Chou et al. [34] carried out a systematic review and meta-analysis to summarize evidence on the diagnostic value of US for the assessment of ETT placement in adult patients from a total of 12 eligible studies involving adult patients and cadaveric models identified from 1488 references, for the detection of esophageal intubation; the pooled sensitivity was 95% and the specificity was 95%.

The smallest diameter of the normal upper airway is located at the level of the cricoid cartilage. This diameter governs the selection of the ETT size, as increased tube diameter may damage the tracheal mucosa, leading to postextubation stridor or subglottic stenosis. Unfortunately, selection of ETT size on the basis of height, weight, or age does not reliably lead to the proper tube size. The knowledge of airway diameter, especially using a bedside noninvasive tool, could therefore be useful in anesthesia and intensive care [35]. US can measure the actual subglottic diameter, which helps in deciding the appropriate size of the ETT [13].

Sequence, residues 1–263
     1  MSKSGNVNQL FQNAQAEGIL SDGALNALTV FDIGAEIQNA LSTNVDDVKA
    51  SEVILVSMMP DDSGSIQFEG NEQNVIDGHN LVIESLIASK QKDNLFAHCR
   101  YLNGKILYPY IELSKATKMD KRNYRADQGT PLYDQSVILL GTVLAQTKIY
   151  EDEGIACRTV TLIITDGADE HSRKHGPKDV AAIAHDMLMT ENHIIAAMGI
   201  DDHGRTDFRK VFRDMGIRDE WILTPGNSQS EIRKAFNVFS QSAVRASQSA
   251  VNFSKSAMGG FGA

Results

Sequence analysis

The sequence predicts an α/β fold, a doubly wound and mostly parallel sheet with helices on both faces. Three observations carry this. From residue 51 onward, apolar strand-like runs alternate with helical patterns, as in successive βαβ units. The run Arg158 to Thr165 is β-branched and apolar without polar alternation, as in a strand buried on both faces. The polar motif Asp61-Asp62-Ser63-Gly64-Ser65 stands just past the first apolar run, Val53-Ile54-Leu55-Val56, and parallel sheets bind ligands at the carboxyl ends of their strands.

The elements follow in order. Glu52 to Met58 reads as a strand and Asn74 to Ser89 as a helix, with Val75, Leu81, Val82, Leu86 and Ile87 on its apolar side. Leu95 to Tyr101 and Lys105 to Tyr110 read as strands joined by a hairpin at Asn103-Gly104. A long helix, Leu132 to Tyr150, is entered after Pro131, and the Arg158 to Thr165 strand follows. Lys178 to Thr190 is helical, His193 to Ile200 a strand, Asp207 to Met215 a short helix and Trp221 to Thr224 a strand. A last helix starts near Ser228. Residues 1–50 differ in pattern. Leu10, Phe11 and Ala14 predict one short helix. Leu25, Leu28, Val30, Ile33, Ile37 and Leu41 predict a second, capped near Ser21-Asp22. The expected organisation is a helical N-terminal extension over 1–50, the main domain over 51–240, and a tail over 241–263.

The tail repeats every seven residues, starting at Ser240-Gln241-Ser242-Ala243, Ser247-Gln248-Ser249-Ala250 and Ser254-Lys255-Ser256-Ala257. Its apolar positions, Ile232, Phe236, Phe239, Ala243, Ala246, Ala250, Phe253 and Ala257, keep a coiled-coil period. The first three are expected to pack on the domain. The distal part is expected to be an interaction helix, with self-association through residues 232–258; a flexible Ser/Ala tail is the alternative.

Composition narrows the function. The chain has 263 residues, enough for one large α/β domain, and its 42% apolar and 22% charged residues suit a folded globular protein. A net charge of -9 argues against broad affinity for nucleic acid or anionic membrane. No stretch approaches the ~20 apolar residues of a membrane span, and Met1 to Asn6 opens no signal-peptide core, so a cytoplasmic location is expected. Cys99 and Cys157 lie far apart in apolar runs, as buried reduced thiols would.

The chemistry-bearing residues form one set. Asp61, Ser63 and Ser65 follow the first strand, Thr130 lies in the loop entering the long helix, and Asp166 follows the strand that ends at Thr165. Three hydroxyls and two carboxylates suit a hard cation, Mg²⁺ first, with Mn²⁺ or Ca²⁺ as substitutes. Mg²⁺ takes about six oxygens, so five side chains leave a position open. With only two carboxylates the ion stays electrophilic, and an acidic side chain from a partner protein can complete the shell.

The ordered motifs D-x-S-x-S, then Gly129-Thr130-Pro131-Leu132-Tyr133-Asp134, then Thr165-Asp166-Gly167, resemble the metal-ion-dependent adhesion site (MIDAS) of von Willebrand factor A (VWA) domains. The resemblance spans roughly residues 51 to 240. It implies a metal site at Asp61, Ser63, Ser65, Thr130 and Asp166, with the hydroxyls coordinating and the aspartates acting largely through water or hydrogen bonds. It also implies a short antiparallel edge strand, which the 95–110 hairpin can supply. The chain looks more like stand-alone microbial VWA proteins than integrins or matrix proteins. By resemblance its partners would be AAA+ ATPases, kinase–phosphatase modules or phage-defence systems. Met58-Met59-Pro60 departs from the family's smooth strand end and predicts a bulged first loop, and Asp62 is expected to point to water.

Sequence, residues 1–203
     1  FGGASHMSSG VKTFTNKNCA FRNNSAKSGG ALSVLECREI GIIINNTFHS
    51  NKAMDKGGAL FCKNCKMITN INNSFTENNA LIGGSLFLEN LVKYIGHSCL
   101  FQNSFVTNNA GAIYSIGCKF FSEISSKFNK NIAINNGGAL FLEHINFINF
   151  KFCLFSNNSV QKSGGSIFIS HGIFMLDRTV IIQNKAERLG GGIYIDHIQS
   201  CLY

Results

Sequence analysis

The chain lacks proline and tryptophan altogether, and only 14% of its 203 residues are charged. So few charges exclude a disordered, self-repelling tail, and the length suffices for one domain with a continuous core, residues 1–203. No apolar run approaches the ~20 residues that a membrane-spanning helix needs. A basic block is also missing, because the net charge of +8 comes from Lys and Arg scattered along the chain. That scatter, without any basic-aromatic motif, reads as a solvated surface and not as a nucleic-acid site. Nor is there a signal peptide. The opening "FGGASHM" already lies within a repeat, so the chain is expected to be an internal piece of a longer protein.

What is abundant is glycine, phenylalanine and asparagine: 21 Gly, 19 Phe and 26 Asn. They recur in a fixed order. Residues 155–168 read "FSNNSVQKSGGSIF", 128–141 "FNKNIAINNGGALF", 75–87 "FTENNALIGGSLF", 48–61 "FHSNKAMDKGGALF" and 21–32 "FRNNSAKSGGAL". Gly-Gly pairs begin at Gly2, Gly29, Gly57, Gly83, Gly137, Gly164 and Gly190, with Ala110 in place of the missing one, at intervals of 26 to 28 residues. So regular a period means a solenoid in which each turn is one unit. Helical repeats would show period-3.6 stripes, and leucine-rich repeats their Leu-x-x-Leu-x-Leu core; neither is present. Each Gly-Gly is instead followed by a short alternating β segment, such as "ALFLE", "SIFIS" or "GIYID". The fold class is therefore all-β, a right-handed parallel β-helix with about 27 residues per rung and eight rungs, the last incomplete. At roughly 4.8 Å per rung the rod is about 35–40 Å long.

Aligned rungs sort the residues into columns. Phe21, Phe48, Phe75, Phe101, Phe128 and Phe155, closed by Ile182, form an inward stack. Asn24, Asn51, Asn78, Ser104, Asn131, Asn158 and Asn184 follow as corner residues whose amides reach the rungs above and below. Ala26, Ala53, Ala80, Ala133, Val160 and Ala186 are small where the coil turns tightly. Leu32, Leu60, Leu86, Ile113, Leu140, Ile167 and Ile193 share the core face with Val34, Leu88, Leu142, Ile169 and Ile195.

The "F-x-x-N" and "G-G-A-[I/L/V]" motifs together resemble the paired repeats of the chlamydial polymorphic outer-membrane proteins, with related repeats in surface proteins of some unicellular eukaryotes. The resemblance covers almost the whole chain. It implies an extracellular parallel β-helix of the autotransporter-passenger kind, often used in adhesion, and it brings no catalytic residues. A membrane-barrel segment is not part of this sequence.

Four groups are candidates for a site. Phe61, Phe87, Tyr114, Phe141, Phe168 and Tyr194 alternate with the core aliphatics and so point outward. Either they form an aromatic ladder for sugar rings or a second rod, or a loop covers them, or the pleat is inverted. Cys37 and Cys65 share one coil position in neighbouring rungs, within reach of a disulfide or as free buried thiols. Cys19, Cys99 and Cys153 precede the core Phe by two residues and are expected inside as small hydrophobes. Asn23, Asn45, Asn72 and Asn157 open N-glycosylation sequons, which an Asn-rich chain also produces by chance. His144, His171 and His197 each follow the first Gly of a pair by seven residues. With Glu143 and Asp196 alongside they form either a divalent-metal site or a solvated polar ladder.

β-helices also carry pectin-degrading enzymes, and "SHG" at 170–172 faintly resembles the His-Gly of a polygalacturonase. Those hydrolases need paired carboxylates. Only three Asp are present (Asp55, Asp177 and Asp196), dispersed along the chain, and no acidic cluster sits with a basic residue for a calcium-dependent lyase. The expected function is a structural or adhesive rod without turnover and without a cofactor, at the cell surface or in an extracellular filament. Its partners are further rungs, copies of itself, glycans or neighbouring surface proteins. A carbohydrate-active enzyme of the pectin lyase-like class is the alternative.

In this study, US was found to be useful to assess the subglottic diameter in the clinical setting. There was a strong positive correlation between subglottic airway diameter and ETT diameter.

This is in agreement with Lakhal et al. [36], who studied 19 healthy volunteers with a mean age of 27 years to compare between the transverse diameter of the cricoid lumen by US and MRI. They concluded that US is a reliable tool to assess the subglottic upper airway diameter.

In pediatric patients, subglottic upper airway diameter measured by US was found to be a good predictor of correct cuffed and uncuffed ETT sizes. Shibasaki et al. [35] found that subglottic airway diameter was correlated highly with outer ETT diameter deemed optimal on clinical grounds.